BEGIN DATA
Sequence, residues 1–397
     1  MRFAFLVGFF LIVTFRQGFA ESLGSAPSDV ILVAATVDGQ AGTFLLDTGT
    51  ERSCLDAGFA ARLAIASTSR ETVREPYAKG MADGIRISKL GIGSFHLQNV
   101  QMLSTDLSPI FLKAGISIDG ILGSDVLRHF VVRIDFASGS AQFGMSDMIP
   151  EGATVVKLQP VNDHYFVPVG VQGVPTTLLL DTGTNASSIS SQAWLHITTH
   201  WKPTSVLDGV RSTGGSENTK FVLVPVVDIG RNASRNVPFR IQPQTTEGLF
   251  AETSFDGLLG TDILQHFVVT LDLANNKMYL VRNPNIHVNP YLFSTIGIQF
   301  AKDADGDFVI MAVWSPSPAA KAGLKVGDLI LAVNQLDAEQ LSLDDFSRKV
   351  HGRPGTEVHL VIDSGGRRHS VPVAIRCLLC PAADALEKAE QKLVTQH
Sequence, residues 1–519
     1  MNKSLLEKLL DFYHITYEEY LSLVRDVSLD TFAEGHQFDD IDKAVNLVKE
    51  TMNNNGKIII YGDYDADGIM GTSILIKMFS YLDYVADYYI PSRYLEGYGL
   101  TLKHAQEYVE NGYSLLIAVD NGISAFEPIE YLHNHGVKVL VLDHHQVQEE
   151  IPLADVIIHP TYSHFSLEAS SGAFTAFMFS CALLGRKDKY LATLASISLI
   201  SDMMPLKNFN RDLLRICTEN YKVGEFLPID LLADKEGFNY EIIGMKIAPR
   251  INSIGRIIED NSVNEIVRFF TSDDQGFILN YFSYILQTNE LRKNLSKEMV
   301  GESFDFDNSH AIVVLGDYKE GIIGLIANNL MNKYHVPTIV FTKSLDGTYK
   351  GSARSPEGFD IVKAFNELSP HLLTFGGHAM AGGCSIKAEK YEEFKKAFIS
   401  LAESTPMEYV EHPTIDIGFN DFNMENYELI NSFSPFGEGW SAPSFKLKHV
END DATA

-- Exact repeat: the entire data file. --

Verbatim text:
Sequence, residues 1–397
     1  MRFAFLVGFF LIVTFRQGFA ESLGSAPSDV ILVAATVDGQ AGTFLLDTGT
    51  ERSCLDAGFA ARLAIASTSR ETVREPYAKG MADGIRISKL GIGSFHLQNV
   101  QMLSTDLSPI FLKAGISIDG ILGSDVLRHF VVRIDFASGS AQFGMSDMIP
   151  EGATVVKLQP VNDHYFVPVG VQGVPTTLLL DTGTNASSIS SQAWLHITTH
   201  WKPTSVLDGV RSTGGSENTK FVLVPVVDIG RNASRNVPFR IQPQTTEGLF
   251  AETSFDGLLG TDILQHFVVT LDLANNKMYL VRNPNIHVNP YLFSTIGIQF
   301  AKDADGDFVI MAVWSPSPAA KAGLKVGDLI LAVNQLDAEQ LSLDDFSRKV
   351  HGRPGTEVHL VIDSGGRRHS VPVAIRCLLC PAADALEKAE QKLVTQH
Sequence, residues 1–519
     1  MNKSLLEKLL DFYHITYEEY LSLVRDVSLD TFAEGHQFDD IDKAVNLVKE
    51  TMNNNGKIII YGDYDADGIM GTSILIKMFS YLDYVADYYI PSRYLEGYGL
   101  TLKHAQEYVE NGYSLLIAVD NGISAFEPIE YLHNHGVKVL VLDHHQVQEE
   151  IPLADVIIHP TYSHFSLEAS SGAFTAFMFS CALLGRKDKY LATLASISLI
   201  SDMMPLKNFN RDLLRICTEN YKVGEFLPID LLADKEGFNY EIIGMKIAPR
   251  INSIGRIIED NSVNEIVRFF TSDDQGFILN YFSYILQTNE LRKNLSKEMV
   301  GESFDFDNSH AIVVLGDYKE GIIGLIANNL MNKYHVPTIV FTKSLDGTYK
   351  GSARSPEGFD IVKAFNELSP HLLTFGGHAM AGGCSIKAEK YEEFKKAFIS
   401  LAESTPMEYV EHPTIDIGFN DFNMENYELI NSFSPFGEGW SAPSFKLKHV